"Cooks to light the galley fires, sir?" Railsford asked. It took time to develop enough heat under the steep-tubs so the rations could be boiled up, and the first dog was the usual time to start cooking.

"Not yet, not until we are sure we shall not be called upon to engage should a foe break the leeward end of the line," the captain said, frowning. "I'll not risk fire aboard until dusk. There's still daylight enough to do something glorious."

Freed of the tedium of duty, Alan betook himself below after one last lungful of fresh, clean Trade-Wind air. Below decks in the cockpit it would be a close and humid fog of humanity's reeks. The day had been pleasantly warm, and the wind bracing, and his nostrils pinched at the aromas of a ship when he reached his tiny dog-box of a cabin. Pea soup farts, armpits, unwashed bodies and rancid clothing, the garbage-midden stink of the bilges and holds where cheeses, bread-bags, dried beans and peas slowly rotted, where kegs of salt meat slowly fermented in brine.

"Got you, you bastard!" he exulted as he managed to mash a large roach with his shoe at the foot of the accommodation ladder. At least half a dozen more scurried from sight.

He tossed his cocked hat onto the peg above his cot, peeled off his tail-coat, and almost tore the stock from his throat to open his collar, oblivious to the continual booming and thudding of artillery that still roared between the two opposing fleets.

"Freeling, fetch a bucket of seawater," Alan demanded past the flimsy lath and canvas door to his cabin. Indeed, the whole dog-box afforded nothing more than the semblance of privacy, framed out in light deal and canvas that could be struck down before battle.

"Coomin' zurr," the mournful Freeling intoned joylessly, sounding even more put-upon than normal. Alan had finally gotten the man's measure, and was no longer in thrall to the cockpit servant's truculent behavior, as he had been when still merely a midshipman.

Once the water arrived, Alan took down a mildewed rag, sniffed at it and thought it could do for a few more days, then soaked it in the seawater and stripped to scrub himself down. Aboard a ship of war, the water was rationed at a gallon a day per man and officer, but not much of that went for washing or drinking; most of it was used in the steep-tubs to boil food. Personal consumption for cleanliness or shaving was limited to a pint a man, and most people found drinking the small-beer or wine more palatable than ship's water after it had been in cask for a few weeks, for it usually turned whiskey-brown, stained by the oak casks or the animalcules that grew in it. It was best when used to dilute rum or wine, which killed the brackish taste. Certainly, seawater made you itch all over, and one developed rashes and boils from constant exposure, but that was a sailor's lot. Besides, everybody itched and scratched constantly, even ashore. At least ships were free (for the most part, anyway) of lice, fleas and ticks.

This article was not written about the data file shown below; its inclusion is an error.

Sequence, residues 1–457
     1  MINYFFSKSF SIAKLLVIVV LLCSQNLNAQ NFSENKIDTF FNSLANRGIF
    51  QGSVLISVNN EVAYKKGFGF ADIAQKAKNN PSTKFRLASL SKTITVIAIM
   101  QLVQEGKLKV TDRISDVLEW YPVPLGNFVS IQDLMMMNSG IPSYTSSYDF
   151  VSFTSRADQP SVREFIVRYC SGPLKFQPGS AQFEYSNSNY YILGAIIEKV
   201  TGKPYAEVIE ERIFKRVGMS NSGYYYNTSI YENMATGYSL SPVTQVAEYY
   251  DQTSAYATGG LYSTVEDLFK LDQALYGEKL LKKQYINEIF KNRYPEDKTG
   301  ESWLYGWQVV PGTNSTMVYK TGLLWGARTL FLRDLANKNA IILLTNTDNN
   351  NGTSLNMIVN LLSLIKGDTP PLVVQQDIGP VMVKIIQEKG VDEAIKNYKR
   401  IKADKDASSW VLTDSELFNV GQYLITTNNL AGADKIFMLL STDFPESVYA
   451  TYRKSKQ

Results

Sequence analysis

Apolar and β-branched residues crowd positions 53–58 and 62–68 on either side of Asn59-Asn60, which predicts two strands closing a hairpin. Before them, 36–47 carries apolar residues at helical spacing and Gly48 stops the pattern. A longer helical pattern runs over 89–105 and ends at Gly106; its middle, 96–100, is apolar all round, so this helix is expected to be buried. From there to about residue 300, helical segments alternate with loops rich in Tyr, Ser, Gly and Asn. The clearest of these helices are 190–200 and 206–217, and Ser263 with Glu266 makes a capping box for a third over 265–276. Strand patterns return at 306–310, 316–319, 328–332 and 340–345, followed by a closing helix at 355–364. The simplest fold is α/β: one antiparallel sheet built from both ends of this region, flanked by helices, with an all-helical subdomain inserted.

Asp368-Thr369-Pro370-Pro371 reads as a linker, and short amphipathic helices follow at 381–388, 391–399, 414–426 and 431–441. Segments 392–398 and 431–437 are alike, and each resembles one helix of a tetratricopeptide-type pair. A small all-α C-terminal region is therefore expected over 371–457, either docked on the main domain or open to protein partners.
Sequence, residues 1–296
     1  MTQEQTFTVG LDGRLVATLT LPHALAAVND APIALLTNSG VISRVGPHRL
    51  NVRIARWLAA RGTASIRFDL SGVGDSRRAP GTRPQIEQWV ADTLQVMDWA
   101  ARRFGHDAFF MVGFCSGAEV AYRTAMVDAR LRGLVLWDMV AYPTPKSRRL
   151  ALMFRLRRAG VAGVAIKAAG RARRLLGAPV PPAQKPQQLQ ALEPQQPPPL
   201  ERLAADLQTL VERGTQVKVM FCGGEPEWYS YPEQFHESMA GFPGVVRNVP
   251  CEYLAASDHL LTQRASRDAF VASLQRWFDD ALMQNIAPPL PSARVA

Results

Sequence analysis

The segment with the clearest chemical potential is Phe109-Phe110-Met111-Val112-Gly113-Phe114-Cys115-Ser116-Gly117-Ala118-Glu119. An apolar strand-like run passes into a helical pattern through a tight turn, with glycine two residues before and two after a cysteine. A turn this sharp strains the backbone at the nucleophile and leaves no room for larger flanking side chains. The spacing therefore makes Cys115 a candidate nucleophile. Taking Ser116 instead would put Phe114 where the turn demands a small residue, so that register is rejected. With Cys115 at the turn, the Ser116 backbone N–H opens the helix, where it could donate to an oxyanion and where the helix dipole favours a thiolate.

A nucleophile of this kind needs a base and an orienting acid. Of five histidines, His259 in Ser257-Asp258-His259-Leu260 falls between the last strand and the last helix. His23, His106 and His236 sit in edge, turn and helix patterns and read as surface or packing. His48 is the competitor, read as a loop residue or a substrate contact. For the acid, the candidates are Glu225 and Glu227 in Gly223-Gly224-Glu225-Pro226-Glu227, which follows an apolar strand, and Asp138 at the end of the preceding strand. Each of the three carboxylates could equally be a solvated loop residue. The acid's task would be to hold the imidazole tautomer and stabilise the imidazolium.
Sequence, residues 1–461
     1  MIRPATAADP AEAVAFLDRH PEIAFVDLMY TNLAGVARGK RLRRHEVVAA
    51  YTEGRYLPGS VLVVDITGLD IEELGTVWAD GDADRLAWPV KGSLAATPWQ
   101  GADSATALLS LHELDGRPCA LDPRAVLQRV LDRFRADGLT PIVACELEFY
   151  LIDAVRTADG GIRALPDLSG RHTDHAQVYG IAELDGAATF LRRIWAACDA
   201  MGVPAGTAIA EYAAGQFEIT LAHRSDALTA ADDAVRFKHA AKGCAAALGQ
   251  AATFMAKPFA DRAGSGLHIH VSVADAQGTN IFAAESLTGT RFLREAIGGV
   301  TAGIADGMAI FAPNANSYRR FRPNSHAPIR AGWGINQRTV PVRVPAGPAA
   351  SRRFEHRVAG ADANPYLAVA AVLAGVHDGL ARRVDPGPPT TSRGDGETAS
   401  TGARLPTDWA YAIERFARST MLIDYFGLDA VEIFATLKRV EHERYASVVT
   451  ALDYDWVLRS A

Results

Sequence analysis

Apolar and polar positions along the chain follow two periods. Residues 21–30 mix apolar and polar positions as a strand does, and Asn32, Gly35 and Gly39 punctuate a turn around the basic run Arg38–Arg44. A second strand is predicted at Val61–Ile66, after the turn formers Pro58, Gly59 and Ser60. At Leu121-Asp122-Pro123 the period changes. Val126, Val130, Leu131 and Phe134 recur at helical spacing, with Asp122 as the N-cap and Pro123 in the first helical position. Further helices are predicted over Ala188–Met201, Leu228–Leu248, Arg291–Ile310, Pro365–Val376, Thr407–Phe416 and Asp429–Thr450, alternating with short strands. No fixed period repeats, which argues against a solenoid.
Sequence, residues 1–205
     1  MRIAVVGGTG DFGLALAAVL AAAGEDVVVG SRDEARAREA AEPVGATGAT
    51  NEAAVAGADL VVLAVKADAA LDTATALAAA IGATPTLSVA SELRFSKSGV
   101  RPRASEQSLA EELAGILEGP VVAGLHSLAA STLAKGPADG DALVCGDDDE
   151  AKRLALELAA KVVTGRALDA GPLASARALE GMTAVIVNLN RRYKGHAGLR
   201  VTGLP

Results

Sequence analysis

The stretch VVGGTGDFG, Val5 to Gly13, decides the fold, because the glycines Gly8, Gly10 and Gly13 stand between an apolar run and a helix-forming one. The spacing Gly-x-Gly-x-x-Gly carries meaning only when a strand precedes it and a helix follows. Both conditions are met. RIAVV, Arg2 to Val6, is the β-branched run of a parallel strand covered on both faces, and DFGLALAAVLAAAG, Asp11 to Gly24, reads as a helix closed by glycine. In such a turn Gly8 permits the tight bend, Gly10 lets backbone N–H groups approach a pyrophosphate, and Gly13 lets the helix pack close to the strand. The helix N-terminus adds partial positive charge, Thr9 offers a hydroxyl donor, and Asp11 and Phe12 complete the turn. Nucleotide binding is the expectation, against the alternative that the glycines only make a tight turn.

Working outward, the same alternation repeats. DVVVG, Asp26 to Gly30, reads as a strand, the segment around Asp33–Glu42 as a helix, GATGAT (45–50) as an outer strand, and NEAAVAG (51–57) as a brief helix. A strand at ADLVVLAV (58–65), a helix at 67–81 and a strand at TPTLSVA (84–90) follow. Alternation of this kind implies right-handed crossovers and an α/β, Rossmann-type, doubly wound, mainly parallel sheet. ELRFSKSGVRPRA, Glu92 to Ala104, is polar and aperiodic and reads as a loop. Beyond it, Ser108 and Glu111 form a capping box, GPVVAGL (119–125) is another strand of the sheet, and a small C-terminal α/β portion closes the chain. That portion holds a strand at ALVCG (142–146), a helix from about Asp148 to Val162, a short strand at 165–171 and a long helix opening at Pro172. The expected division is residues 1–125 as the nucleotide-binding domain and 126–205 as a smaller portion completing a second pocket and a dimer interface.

"Ah, that feels good," Alan whispered, working up a slight lather from a stub of soap cake he had purchased in Wilmington. He would be sorry when it was finally gone, for in his lengthy shore service with the Army at Yorktown during the siege, one of his few pleasures was a soak in a creek or a hot half-barrel of clean water with some soap at least once or twice a week. Most of the hands, who came from poorer circumstances, thought him "tetched" for his obsession with hot water.

He rinsed down and shook out his clothing. Now that he was a junior warrant, his clothes did not take half the abuse of a mid-shipman's uniform. The tar and linseed oil stains were almost gone from the days and weeks he had lived in the rigging aloft and had turned positively grimy from the running rigging, standing rigging, and the spars. Sure he could pass muster, he flapped his breeches and shirt to air the last of the sweat from them and put them back on. He'd save his clean clothing for Sunday Divisions. No sense getting potty about things.

"Bloody Frogs!" Burney was crowing from the cockpit outside his flimsy door as they rumbled down to their berth from the gun deck. "What a jape on those bastards!"